Scottish chef Nick Nairn on the virtues of cooking ahead of GWCT Scottish Game Fair

Scottish celebrity chef Nick Nairn writes for The Scotsman on the virtues of cooking and the difficult two years he has experienced ahead of next week’s GWCT Scottish Game Fair.

Talk about annus horribilis. My Twitter bio reads ‘still here after flood, fire & pestilence’.

March last year saw my beloved cook school in Perthshire flooded after a frozen pipe burst, leaving the kitchen four inches deep in dirty water, destroying appliances and woodwork.

Then in August, my new restaurant in Stirlingshire was destroyed by a devastating fire caused by malfunctioning kitchen equipment. It took six fire engines and 30 firefighters to put it out. Then, of course, Covid has taken its toll on everyone in the hospitality industry. Talk about a kick when you’re down.

Scottish chef Nick Nairn

However, my team and I are charging forward with repairs and new projects. We are building bigger and better. It would be all too easy to sink into a dark hole at this point, but we are staying buoyant by adopting an unstoppable attitude which is paying dividends.

I have always cooked using Scotland’s natural larder and I’m a vociferous advocate of eating wild game.

So, when I was approached by the new organisers of the GWCT Scottish Game Fair to deliver a brand new fine dining pop-up restaurant on the banks of the River Tay, I jumped at the chance to showcase the best of Scottish produce.

I only live an hour away, so I have been attending the event for decades, but it has never been particularly known for its on-site restaurant. So I have poured everything into this ambitious project, which is sponsored by fourth-generation Scottish family butchers J.W. Galloway.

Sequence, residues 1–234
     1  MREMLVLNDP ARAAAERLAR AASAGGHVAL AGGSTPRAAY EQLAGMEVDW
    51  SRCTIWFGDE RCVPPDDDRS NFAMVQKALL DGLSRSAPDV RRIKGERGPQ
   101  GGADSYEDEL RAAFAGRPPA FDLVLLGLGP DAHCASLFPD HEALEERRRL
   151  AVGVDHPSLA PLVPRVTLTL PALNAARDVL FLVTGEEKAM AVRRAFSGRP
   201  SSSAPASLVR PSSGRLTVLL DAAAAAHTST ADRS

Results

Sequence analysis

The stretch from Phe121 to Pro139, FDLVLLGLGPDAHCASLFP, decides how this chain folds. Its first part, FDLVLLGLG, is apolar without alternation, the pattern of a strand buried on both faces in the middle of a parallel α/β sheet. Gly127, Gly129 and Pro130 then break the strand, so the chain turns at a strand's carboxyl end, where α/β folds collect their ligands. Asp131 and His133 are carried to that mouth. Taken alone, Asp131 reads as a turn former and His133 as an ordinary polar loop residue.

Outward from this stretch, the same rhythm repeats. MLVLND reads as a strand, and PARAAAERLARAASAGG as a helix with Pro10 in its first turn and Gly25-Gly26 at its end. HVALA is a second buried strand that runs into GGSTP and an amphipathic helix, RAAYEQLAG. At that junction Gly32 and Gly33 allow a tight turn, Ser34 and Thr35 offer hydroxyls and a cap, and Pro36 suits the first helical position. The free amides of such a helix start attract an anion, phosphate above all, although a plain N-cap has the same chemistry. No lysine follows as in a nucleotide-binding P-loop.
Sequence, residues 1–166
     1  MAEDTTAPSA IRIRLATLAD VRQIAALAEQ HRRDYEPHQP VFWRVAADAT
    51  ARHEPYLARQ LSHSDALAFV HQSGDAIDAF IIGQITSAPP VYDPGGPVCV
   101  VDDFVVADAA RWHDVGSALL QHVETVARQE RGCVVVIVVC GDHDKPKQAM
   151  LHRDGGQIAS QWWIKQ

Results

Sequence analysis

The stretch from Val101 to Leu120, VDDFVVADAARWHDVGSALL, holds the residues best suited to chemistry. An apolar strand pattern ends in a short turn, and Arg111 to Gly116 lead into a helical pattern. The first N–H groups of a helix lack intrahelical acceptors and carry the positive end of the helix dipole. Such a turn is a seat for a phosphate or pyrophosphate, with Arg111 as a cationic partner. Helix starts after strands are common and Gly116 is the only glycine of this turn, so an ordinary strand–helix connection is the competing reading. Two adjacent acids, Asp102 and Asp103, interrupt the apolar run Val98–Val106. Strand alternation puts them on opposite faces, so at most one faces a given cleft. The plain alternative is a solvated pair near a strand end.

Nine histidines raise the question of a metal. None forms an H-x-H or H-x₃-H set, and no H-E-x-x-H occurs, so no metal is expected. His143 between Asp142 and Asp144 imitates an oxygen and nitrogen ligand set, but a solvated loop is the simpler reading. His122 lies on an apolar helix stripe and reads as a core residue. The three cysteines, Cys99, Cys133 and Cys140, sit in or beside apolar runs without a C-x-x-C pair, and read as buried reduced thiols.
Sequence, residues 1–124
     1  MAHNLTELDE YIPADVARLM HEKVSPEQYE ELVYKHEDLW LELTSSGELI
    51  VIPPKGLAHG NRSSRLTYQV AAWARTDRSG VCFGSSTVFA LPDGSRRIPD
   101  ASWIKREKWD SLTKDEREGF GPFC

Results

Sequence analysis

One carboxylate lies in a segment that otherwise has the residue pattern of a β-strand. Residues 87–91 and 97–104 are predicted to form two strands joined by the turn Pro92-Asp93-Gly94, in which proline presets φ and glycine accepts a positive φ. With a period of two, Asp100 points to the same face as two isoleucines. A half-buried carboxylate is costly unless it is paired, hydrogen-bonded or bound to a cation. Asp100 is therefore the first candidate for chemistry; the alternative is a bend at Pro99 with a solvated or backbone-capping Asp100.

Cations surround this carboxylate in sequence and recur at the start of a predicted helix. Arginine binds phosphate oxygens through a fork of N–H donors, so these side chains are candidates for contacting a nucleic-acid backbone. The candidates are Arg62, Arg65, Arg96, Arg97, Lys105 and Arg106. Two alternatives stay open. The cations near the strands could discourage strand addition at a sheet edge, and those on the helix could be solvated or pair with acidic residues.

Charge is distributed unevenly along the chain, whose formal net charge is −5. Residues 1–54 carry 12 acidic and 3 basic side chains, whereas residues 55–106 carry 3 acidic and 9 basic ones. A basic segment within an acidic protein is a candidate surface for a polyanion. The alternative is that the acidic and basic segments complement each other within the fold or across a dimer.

Gone are the usual faceless caterers. Instead, we have collaborated with Cai Ap Bryn of Game & Flames, who is a big name in British BBQ. The way he cooks everything outside on big metal racks certainly adds some theatre and will stop passers-by in their tracks. The smell will be incredible. He will be joined by my executive chef Stephen Crawford, who will oversee everything for me while I mingle with diners out front.

Cai recently spent the day with me testing recipes and devising the menu. We are on the same page when it comes to ingredients and methods. I think Cai is very talented. It isn’t easy to cook for large-scale catering events on open fire and produce consistent results, but he can do it. Cooking game in this way takes it to the next level. Dishes will include things like roast haunch of roe deer and warm woodpigeon salad.

The game meat we will be serving is provided by Castle Game near Edinburgh. I have known Neil Gilmour, the owner, for years. I have a real passion for field sports and cooking with game. I love shooting pheasants and partridges each season.

I ensure everything we shoot is eaten. I have taken a lot of criticism online over the years from people that question my passion for field sports. I think this comes from a lack of understanding. If the public realised how wild game is harvested and how important it is for rural economies, they would have a different view. So if you are new to eating game and curious to learn more about its credentials, then come find me at Scone next month for a natter.

- The GWCT Scottish Game Fair is being held July 1-3 at Scone Palace in Perthshire. For info, visit scottishfair.com.

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